Raising Our Meat For The Year

So growing our own fruit and veggies makes us really happy, but growing our own meat for the year makes us ecstatic.

So what does a family of 4-9 (depends on who visits for supper) raise for a year’s worth of meat? Well, first let’s talk freezers. It takes approximately four freezers to house all our fruits, veggies and meats, with the bulk of the freezers being meat.

Our pork freezer

I also preserve some of the meat by pressure canning which saves freezer space , is a great back up plan if freezers fail, and is convenient to grab and make meals.

But I don’t want to can everything. And let’s face it, you can’t can bacon. Freezers have their place.

I don’t usually keep breeding stock except for chickens , sheep and ducks. We buy in the spring and butcher in the fall. We have suppliers we trust for our livestock. It works for us, frees up some space on our homestead, and gives me a small break in January to March to focus on systems, content creation, and workshops.

So raising our meat really starts with lining up what we are going to need. It doesn’t vary too much year to year now.

60 Meat hens (5-6 lb birds dressed , pasture raised)

6 stew chickens (3-4 lbs dressed)

3 meat ducks (welsh harlequins)

6 turkeys (20-30lbs dressed )

1 lamb (50 lbs dressed)

1 1/2 pigs (each pig has a hanging weight of approximately 190 lbs. or 140 lbs of meat)

1 beef steer (approx 500lbs dressed or 325 lbs roughly of beef)

Dressed means once all the organs are taken out, and the head, hooves, and skin/feathers are removed.

You can usually count on animals dressing out to the following :

Poultry 75% of their live weight

Pigs 75% of their live weight

Sheep 50% of their live weight

Cows 65 % of their live weight

It will be from dressed weight carcasses, depending on your cuts, you will get your meat.

For example: if a cow weighs 1200lbs at slaughter, it’s dressed weight will be 780 lbs. of that you will get about 65% in meat or 507 lbs.

One of our Black Angus steers this year

Usually in order to have some versatility, I have one whole turkey done in ground meat and five chickens ground as well. Pork is done into chops, sirloin, ribs, roasts, belly and rump and what’s left is ground up into one pound packages. Belly and rumps are smoked and cured and made into hams and bacon. Some ground is made into sausage.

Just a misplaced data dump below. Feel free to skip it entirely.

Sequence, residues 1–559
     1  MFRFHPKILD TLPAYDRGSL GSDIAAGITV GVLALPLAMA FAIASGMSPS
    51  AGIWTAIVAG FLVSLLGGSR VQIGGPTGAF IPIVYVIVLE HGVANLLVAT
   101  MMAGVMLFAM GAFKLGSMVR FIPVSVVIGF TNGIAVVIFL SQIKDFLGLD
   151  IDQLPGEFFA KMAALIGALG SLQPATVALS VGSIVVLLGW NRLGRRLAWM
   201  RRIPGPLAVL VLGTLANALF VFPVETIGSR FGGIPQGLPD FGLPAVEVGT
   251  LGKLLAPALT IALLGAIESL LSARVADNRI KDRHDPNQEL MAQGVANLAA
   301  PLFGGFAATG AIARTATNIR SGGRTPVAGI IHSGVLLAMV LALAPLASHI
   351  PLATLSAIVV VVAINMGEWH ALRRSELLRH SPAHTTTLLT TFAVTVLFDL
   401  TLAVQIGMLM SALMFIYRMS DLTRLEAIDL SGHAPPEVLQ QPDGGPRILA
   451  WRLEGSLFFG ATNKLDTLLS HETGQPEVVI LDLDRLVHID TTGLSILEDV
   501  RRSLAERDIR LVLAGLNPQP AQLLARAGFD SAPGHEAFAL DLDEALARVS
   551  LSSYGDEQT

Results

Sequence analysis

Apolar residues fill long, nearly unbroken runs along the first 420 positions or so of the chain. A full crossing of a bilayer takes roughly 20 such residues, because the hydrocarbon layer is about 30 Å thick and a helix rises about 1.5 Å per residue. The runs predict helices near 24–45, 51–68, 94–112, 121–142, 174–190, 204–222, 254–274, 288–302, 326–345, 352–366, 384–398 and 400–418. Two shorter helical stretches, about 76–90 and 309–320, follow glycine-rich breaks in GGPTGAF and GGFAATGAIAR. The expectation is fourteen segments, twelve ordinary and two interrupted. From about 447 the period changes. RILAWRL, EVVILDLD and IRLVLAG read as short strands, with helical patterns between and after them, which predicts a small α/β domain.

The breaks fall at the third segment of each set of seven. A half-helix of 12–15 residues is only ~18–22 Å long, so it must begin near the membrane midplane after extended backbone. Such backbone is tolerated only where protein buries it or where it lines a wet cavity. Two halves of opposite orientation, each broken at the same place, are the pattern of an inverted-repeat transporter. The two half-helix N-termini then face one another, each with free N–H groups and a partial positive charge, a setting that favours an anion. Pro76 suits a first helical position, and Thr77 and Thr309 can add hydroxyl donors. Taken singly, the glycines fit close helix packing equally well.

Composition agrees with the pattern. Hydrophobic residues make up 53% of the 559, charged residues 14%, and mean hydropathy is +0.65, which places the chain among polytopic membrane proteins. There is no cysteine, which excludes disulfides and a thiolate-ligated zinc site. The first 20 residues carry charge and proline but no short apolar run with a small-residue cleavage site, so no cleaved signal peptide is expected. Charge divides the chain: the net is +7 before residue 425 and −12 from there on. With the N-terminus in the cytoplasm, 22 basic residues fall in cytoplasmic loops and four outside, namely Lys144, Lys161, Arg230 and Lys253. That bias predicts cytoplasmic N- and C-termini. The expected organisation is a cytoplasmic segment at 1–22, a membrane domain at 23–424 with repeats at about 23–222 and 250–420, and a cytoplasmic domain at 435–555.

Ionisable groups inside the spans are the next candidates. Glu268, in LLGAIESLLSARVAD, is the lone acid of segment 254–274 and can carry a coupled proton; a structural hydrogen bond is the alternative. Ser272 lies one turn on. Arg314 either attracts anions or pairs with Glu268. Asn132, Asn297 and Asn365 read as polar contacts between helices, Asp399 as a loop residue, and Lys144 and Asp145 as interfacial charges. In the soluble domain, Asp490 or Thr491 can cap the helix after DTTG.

Ducks are left whole. Beef is made into ground, steaks, stewing meat, ribs and roasts.

I did a blog post before on the difference between broiler chickens and stewing hens. Find that blog post Here

We get beef yearlings (steers or heifers that are a year old) and raise them another eight months to finish. We don’t want the expense of wintering them .

When you know the weight of the work, you try to use all the parts of the animals. So the bones and fat also give us products like bone broth and lard. Organs are used as well either by us or for the dogs. Everything else goes for compost.

We don’t always do lamb. We don’t eat it often so it can sometimes last us two years. I use our sheep for wool as well so they are there if we need to breed. Ducks we use for special occasions. I really want to do geese next year, so I’m working on what that might look like.

That time I did a turducken for Christmas !

I don’t like raising animals like cows in singles so it’s helpful to team up for beef with my dad and brother. Then I raise pigs for them in exchange for help feeding sometimes.

The only meat I really buy from the store is sometimes cold cuts, and hotdogs for special treats. Occasionally if I am feeding a crowd, it’s much more economical for me to get chicken legs or thighs from the store rather than try to piece out whole birds. It’s a rare occasion so I don’t mind it.

Our meat is wrapped and packaged well or vacuum sealed so we can eat it for up to two years no problem.

I hope you found this useful. It is completely doable to raise all the meat you need for your family. It takes a plan and hard work. And four freezers.

Love Jenn xx

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